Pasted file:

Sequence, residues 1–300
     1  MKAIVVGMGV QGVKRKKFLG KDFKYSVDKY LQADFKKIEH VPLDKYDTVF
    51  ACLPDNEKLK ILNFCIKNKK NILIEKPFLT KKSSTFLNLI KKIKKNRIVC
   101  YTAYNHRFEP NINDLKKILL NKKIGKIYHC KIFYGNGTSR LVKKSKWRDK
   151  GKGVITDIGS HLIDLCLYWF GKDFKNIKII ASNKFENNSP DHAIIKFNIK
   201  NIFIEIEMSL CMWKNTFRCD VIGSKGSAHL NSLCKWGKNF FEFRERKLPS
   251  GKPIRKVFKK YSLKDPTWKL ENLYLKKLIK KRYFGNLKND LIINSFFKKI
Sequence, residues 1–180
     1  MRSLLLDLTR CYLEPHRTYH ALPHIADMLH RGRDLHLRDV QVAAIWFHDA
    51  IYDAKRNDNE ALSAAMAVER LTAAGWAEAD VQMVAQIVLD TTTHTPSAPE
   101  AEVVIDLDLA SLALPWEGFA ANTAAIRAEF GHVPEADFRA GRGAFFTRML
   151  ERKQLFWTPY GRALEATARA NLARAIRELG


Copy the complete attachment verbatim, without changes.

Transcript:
Sequence, residues 1–300
     1  MKAIVVGMGV QGVKRKKFLG KDFKYSVDKY LQADFKKIEH VPLDKYDTVF
    51  ACLPDNEKLK ILNFCIKNKK NILIEKPFLT KKSSTFLNLI KKIKKNRIVC
   101  YTAYNHRFEP NINDLKKILL NKKIGKIYHC KIFYGNGTSR LVKKSKWRDK
   151  GKGVITDIGS HLIDLCLYWF GKDFKNIKII ASNKFENNSP DHAIIKFNIK
   201  NIFIEIEMSL CMWKNTFRCD VIGSKGSAHL NSLCKWGKNF FEFRERKLPS
   251  GKPIRKVFKK YSLKDPTWKL ENLYLKKLIK KRYFGNLKND LIINSFFKKI
Sequence, residues 1–180
     1  MRSLLLDLTR CYLEPHRTYH ALPHIADMLH RGRDLHLRDV QVAAIWFHDA
    51  IYDAKRNDNE ALSAAMAVER LTAAGWAEAD VQMVAQIVLD TTTHTPSAPE
   101  AEVVIDLDLA SLALPWEGFA ANTAAIRAEF GHVPEADFRA GRGAFFTRML
   151  ERKQLFWTPY GRALEATARA NLARAIRELG